They are organised even in Europe and America. Egyptians also had a similar kind of ceremony. Christians in India use the occasion of child baptism as a baby shower. Tanishq’s film is beautifully and aesthetically produced.It shows a young, fully pregnant woman being ushered into a brightly lit, tastefully decorated hall by a middle-aged woman and allowed to sit on a sofa. She is received with the serving of a traditional glass of sherbet. Of course, there is gold jewellery all around. There are no dialogues other than between the woman in the family way and the other lady. She wonders why the ceremony was organised when it was not part of their custom.
That is when the viewer gets the hint that she is a Hindu, married to a Muslim boy. The mother-in-law replies to her: “Is not keeping the daughter-in-law happy the tradition of one and all?”
The moral of the story is that the Muslim mother-in-law is going out of the way to make her Hindu daughter-in-law happy. She is the one who sacrifices. There is no trace of bitterness between the two ladies.What’s more, there is no hint that the soon-to-be mother has forsaken her religion. What the film highlights is that when love unites two persons and two cultures, all the walls of differences and separation will collapse. I thought it was a beautiful theme, beautifully presented, though the subtle aim was to sell Tanishq’s jewellery.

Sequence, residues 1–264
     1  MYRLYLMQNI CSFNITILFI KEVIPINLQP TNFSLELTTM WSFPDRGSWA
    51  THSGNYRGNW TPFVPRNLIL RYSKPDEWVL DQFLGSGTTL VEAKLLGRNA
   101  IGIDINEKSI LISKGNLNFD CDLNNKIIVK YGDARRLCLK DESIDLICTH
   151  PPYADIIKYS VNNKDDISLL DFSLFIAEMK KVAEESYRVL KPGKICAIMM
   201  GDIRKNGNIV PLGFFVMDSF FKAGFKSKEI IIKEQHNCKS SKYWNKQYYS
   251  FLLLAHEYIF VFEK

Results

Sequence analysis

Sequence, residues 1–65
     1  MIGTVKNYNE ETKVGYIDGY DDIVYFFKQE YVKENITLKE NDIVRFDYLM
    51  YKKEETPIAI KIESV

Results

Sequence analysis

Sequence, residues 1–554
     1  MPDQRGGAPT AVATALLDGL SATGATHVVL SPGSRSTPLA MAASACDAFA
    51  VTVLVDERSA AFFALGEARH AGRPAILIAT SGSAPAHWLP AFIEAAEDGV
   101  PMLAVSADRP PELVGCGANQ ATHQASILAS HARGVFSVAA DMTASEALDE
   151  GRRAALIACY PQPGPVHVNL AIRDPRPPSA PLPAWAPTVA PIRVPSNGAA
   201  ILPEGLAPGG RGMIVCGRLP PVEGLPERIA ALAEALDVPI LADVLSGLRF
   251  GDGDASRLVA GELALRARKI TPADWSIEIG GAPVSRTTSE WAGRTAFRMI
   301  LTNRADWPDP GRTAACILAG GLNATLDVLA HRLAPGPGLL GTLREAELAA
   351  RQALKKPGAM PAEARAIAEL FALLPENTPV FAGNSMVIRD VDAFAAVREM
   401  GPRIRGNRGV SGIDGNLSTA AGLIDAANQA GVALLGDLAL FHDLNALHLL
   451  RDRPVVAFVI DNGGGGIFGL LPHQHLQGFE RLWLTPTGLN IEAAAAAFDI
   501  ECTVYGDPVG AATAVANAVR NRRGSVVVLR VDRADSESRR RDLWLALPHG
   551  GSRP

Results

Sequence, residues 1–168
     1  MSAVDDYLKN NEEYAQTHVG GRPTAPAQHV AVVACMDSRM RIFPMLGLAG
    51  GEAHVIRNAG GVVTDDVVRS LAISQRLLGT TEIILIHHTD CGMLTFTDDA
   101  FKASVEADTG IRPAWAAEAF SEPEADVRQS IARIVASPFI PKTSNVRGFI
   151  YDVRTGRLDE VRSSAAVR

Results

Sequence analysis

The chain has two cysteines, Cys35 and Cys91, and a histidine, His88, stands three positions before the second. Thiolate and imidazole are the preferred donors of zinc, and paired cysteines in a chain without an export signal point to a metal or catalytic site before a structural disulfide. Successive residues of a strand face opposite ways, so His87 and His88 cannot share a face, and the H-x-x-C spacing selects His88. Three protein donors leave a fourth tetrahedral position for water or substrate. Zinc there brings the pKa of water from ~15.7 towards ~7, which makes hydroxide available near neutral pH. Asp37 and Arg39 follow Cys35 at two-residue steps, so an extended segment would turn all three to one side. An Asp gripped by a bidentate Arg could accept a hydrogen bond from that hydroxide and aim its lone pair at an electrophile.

Alas, the cyber warriors of Hindutva saw the film as promoting Love Jihad. They unleashed a campaign against Tanishq forcing the company to withdraw the film from circulation.
One good thing is that even after the withdrawal, the film can still be viewed. In fact, tens of thousands have viewed it, this writer being one of them. The propaganda about Love Jihad is the most illogical and ludicrous. It supposes that a Hindu woman is dying to fall for the first Muslim man to show interest in her. Are such women so dumb that they cannot think about the consequences of their action?
Why the Sangh Parivar warriors can’t stand the film is that it depicts a happily married woman. It negates their propaganda that a Hindu woman can never be happy in a Muslim household. It goes against the grain of human nature. Alas, their whole ideology is built on the foundation of hatred.
It is no surprise that Savarkar was the first to theorise in his little book on Hindutva that Hindus and Muslims could never co-exist happily. Decades later, Mohammed Ali Jinnah merely adopted Savarkar’s idea to demand and obtain Pakistan.
Of course, Jinnah fanned the Muslim fear that once the Hindus had a state of their own, they would not treat the Muslims as equal citizens. The likes of Narendra Modi and Amit Shah are willy-nilly proving that Jinnah’s theory was not all that baseless. Look at how they destroyed the identity of the only Muslim-majority state in India!